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Leopard puts 30,000 people under house arrest

Eight days after it was first spotted, leopard still on the loose in Kanjurmarg; increased patrolling after its second sighting hasn't calmed the tense nerves of residents who abandon the streets after dark

Over the last week, an otherwise routine central Mumbai suburb has taken to assuming a hushed, haunted character. At Indira Nagar, Station Road, Kanjurmarg (East), things start to hush up with the onset of twilight. The number of pedestrians thins down. There are no cries from playing children. Residents do not hang around in groups by the street corners, chatting. Vendors and hawkers steer clear of the patch. An occasional vehicle, windows rolled up, recoils hurriedly away from the street. By nightfall, the quiet and isolation is complete.


Must catch: A man points to the pug mark that was found in the
premises of a private company


But the silence is illusory, taut with the fright of 30,000 residents of the colony, dreading the next sighting (or first strike?) of the leopard that they spotted on December 17.

That Saturday morning, Chandrakant Aher, a factory worker, was the first to spot the big cat under a car outside Mansukh residential compound which houses Echjay Forgings Pvt Ltd, adjacent to Crompton Greaves company. A team from the forest department (Thane), along with another from Sanjay Gandhi National Park (SGNP) zeroed in on the factory compound to trap the female leopard. But all their efforts to bell the cat were futile in the face of its stealth movement. After almost a week, things could have returned to normal. But last Friday evening, after sunset, someone saw the big cat again, lurking around the compound. The Thane forest department experts and the SGNP team again conducted a search operation, failing again to locate the animal.

Speaking to MiD DAY, Assistant Conservator of Forests (Thane) Suresh Darade said, "One of the residents called after 6 pm on Friday to tell us that she had spotted a leopard. We, along with the SGNP team, conducted a search operation but could not find the animal. As a precautionary measure, we have installed two cages in the area -- both in the compound -- to trap the leopard."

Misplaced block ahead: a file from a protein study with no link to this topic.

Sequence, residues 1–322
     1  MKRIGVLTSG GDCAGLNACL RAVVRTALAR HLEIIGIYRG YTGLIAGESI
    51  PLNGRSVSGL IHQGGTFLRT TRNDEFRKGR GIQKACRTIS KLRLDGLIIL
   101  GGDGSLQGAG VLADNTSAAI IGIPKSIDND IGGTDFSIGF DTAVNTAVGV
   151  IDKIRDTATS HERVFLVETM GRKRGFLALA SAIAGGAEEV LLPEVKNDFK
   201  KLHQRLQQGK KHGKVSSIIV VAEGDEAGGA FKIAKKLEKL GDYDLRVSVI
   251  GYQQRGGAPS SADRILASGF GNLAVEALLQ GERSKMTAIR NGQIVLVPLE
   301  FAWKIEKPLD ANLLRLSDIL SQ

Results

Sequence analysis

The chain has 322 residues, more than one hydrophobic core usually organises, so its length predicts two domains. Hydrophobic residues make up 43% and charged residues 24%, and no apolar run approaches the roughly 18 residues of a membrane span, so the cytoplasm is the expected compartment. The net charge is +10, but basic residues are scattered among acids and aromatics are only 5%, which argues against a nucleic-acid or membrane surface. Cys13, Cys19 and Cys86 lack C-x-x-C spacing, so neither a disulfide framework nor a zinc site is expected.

Cloak of fear
Residents have withdrawn to the safety of the four walls of their houses. Afraid to step outside, they do not wander on their own early morning or late night. They have been issued a set of instructions to follow by the forest department, which has practically grounded them, and especially their pets, which are now getting restless. 


Forest officials get a trap to catch the wandering leopard.
Pics/ Sameer Markande


ASI Raghunath Kakad of Kanjurmarg police station said, "Until two days ago, we patrolled the area once a night but after the second sighting, we do it at least four-five times. We have seen changes in the behavior of citizens. They used to wander at night but nobody hangs out after dark anymore."

"While walking the streets, we carry a big hedge for safety. We continuously patrol the area," said the watchman of a residential building, Shankar Doke. 

Said resident, Bhaskar Tiwari, "We are living here for the past 5 to 6 years, and have never encountered such a situation before. Our children usually play and ride bicycles in the evening but we have forbidden them from venturing outside after 5 pm."

Wilson, secretary of the society, said, "We have implemented certain safety measures. For example, we light four halogen bulbs in the area while earlier it used to be pitch dark throughout the night. We keep our car windows shut till we drive up to the house and park. Senior citizens have stopped their morning and evening walks."